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Female engineers inspiring a future generation

Monday, June 17, 2019 - 10:01
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The UK has the lowest percentage of female engineers in Europe*, but on this year’s International Women in Engineering Day, two females from one of the UK’s largest bus operators are calling for more girls to consider a role in engineering.

There’s no escaping the fact that men outnumber women in the bus driving world, but more and more women are proving it’s a job they’re great at – and that bus driving or engineering is a career that suits them. A recent survey conducted by First Bus found that a quarter of women have actively avoided careers because they are perceived as ‘men only’, but two female engineers at First Bus are proving there are no barriers preventing women from working within the bus industry.

 ​International Women in Engineering Day is an international awareness campaign to raise the profile of women in engineering and focuses attention on the amazing career opportunities available to girls in this exciting industry.

Kelly and Michelle are engineering apprentices at First Bus. Kelly, 28, is an Apprentice Mechanical/Electrical engineer based in Southampton and Michelle, 26 is an engineering apprentice in Bristol. In a recent interview both ladies have shared their views on what it’s like to be a female engineer and why they decided to start a career.

Why did you decide to start a career in engineering?

 M: I’d tried a few office jobs, but I found it boring! I then got an apprenticeship in a car garage as I’ve always enjoyed making and building things and I loved it. I then saw an advert to join First Bus through the apprenticeship scheme and applied.

K: I always wanted to learn a trade and started to look for apprenticeships that would give me that opportunity, but when I was 20, I struggled to find an apprenticeship scheme that would take on an “older” person, so I started applying for other jobs. In 2014 I joined First Bus as a driver and progressed to become a supervisor and then saw the opportunity to apply for the engineering apprenticeship and I was offered a place to join the scheme in 2018.

What do you do day-to-day?

 M: I’m currently repairing a vehicle that suffered damage alongside one side, so this involves replacing all the panels and brackets, which is a BIG job! My days can vary, but generally they can involve repairing body damage, seating, flooring – essentially anything that could be dangerous for a customer.

K: Wheel changes, brake discs and pads, starter motors; every day is different. I’ve just started working on electricals and every six weeks we go to college. I’m the only girl on the course, but all the guys treat me the same as everyone else.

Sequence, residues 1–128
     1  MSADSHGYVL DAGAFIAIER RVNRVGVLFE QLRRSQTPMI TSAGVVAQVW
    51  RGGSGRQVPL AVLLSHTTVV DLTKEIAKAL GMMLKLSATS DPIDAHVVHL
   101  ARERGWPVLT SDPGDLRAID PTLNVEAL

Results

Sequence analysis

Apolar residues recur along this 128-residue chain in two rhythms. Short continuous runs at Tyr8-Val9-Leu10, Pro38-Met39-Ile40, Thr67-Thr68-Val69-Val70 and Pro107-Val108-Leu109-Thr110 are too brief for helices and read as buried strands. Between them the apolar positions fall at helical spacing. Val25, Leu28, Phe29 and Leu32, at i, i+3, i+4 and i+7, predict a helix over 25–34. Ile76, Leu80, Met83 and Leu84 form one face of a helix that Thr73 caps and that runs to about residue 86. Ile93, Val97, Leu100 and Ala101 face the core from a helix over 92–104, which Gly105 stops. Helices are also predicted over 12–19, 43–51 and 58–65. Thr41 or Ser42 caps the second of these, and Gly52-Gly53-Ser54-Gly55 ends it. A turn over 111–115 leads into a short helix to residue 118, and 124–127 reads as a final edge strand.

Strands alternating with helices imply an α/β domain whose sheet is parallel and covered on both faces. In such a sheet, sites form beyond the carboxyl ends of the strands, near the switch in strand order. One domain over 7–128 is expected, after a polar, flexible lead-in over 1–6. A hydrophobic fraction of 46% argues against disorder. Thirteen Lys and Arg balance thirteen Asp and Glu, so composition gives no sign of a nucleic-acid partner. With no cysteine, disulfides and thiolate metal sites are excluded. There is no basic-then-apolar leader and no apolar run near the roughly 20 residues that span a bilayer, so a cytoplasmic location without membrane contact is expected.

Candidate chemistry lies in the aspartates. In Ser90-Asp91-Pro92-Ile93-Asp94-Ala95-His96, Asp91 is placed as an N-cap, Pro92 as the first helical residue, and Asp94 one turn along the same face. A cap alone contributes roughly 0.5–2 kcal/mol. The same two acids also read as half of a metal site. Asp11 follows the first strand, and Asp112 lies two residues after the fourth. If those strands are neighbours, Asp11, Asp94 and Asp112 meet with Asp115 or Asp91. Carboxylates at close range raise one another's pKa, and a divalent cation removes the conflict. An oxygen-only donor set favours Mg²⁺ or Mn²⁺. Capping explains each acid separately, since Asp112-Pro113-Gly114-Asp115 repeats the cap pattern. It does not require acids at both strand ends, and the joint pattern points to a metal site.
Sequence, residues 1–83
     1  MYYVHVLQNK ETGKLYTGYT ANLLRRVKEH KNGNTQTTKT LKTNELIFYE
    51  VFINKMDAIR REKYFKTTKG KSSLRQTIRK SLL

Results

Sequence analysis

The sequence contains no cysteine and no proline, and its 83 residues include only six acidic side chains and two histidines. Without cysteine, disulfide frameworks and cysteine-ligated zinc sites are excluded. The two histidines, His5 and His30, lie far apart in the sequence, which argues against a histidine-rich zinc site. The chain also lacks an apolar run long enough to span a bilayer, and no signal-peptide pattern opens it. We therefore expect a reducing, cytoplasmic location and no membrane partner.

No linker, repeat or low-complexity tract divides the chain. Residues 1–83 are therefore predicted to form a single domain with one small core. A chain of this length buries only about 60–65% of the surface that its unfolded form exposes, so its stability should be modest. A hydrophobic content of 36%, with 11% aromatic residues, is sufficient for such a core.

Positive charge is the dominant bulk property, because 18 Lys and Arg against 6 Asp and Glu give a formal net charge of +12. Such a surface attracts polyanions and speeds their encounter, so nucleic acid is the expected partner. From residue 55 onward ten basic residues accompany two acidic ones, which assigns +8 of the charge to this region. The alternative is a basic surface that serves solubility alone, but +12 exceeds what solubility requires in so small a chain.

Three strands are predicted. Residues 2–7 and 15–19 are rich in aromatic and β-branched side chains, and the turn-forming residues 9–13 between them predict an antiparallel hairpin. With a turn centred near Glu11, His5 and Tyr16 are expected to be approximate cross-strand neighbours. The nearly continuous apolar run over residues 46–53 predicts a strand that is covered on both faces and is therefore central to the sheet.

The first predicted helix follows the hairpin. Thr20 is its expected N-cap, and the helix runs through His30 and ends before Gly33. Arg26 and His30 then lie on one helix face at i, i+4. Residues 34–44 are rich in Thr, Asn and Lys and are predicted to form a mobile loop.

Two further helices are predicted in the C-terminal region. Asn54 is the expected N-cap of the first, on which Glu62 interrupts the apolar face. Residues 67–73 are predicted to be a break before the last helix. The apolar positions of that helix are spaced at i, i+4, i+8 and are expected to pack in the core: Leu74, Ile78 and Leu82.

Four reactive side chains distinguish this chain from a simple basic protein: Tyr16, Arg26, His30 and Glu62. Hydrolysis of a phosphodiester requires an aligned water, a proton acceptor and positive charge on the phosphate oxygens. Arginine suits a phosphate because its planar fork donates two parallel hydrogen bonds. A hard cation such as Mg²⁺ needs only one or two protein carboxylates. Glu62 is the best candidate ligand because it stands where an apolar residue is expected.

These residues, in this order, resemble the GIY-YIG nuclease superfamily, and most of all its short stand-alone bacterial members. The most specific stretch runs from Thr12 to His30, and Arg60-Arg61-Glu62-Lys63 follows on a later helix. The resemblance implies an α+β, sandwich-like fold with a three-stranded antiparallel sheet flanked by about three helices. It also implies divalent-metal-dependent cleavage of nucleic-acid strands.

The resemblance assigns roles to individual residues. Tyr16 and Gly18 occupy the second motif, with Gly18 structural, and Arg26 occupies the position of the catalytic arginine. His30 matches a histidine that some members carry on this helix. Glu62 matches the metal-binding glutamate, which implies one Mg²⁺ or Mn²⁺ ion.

Are there other female engineers in your depot?

 M: There’s one other female mechanic in my depot, but she’s moved into a supervisory role, so I don’t work with her day-to-day. It doesn’t bother me though, it’s not awkward being the only female, as all the guys are friendly.

K: I’m the only female at my depot and on my apprenticeship course. The guys I work with are all a bit older than me, but they’ve never shown any issue with me being part of the team. If you show willing and want to learn, then they’ll teach you. My Manager Ben is a huge inspiration and he’s keen to encourage more women to join engineering and make it more of the “norm”.

What do you think the opportunities are like for female engineers?

M: I would love to continue to progress in my career as an engineer and I have a great role model in the business who has progressed to become a supervisor. Last year I was lucky enough to win the Level 2 IRTE Skills Challenge, which was a huge achievement.

K: My aim is to continue to progress. I feel like I have as much opportunity as anyone else.

Where do you see yourself in 10 years’ time?

M: I want to be doing exactly what I’m doing now and then perhaps in 15 years’ time, I will be starting to work my way up the ladder!

K: In 10 years’ time I’d like to have worked my way up the ladder to be an Engineering Manager if not higher by then.

What would you say to a younger version of yourself?

 M: I’d tell myself to get started sooner, as I’d be a fully qualified engineer by now, but I’m grateful for the experience I’ve learnt on the way to becoming an apprentice.

K: If I’d started it earlier then I wouldn’t have the experience and knowledge that I have now, but I’d tell myself not to give up on it & it’s never too late.

Michelle and Kelly are both apprentices on the First Bus Apprenticeship Scheme. For more information on the careers available visit https://uk.firstgroupcareers.com/

* https://www.powerengineeringint.com/articles/2019/06/women-in-engineering-inspiring-the-female-future.html

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